• Mimic the Bill Gates reading retreat. It’s been well publicized that Bill Gates takes a week every year to getaway with a pile of books. I haven’t done a week of reading ever. As a mom, I consider myself darn lucky if I can read for 20-30 minutes a day – it’s one of my priorities. Now that I think of it, if I put reading on my white board as one of my daily items, it would get a check mark every single day. I digress…reading is a fantastic escape. You can go to new worlds and have adventures for the low market price of a library card. A book or stack of books, a favorite chair, and maybe some chocolate, and everything else can sort of slip away.

What else can you think of that would make you feel rejuvenated?

Before I sign off on this topic, I want to include a short list of what I think are experiences to avoid for a getaway.

  • Any news source. The point of a getaway is to increase your energy.
  • Binge watching Netflix or Hulu or free shows on Amazon. This is a fast way to feel depleted. The opposite of how we want to feel at the end of a getaway.
  • Interactions with people who drain your energy. Again, we don’t want to need another getaway after our getaway.
  • Finally, when you move back into your normal responsibilities or daily life after a getaway, especially after one that lasts several days, go easy on yourself. Ease back in. You’ll likely be full to the brim with ideas and excitement, projects and goals.Those big ideas will turn into outstanding projects and open loops if you rush into them. Take your time. Plan your steps carefully. Take one task away when you add a new one. Better yet, say no to two tasks before you add another.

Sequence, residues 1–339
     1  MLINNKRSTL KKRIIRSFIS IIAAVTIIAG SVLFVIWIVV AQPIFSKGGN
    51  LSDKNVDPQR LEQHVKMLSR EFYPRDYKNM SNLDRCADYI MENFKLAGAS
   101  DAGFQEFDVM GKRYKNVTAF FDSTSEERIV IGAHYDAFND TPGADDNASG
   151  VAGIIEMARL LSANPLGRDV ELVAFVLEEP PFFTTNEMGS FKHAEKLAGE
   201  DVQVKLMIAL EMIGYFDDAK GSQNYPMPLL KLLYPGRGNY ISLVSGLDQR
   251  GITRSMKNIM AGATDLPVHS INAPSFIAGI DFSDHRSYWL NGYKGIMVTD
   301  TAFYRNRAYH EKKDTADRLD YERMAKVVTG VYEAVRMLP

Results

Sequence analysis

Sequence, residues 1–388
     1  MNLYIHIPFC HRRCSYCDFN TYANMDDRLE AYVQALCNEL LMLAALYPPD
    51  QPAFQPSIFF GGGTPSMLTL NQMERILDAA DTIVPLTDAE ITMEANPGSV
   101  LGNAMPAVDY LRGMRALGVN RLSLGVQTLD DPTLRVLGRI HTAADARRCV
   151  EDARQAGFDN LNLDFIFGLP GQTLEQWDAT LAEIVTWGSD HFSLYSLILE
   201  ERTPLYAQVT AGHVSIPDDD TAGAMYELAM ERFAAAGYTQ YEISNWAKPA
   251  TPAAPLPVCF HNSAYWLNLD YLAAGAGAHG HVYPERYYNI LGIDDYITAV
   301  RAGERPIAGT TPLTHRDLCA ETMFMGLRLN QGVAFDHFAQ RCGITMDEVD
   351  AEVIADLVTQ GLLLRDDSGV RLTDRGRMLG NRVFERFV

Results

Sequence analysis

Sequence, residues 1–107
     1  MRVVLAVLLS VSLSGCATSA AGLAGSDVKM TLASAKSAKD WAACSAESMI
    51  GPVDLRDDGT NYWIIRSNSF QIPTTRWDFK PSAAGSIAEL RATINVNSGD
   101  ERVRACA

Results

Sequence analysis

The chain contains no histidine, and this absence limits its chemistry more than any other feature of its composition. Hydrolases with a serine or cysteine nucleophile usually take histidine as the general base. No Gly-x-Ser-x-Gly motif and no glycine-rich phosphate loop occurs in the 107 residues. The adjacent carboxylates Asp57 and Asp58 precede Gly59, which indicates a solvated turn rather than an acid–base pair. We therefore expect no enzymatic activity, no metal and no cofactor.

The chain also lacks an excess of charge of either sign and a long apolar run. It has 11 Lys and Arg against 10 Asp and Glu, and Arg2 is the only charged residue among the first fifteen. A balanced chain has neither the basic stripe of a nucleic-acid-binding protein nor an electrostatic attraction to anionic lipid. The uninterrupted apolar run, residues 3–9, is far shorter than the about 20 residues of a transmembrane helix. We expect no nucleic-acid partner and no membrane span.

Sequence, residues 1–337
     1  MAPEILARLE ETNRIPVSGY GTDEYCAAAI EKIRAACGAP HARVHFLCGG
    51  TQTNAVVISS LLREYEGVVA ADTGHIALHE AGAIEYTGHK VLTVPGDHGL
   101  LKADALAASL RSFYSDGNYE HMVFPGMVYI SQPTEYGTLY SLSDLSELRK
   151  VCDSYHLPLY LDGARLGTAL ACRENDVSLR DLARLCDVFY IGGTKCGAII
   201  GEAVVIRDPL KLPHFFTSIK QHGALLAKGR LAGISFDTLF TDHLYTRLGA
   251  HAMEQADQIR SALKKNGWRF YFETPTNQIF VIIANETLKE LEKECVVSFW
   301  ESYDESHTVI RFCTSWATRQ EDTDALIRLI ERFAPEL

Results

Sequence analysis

Are you ready to hop in your getaway car?


Sara Marchessault is a writer, publisher, teacher, and mom who is on a mission to increase joy on the planet. Through the practice of self-reflection, we become aware of what brings us joy and what does not, and we make choices to move forward or stand still. Journal writing is a powerful reflection tool that can help any of us move forward, even in the darkest of times. For ideas on how you can get the benefits of journal writing without always keeping a traditional journal, check out Sara’s book, Beyond Pen & Paper: 33 Experiments in Journaling.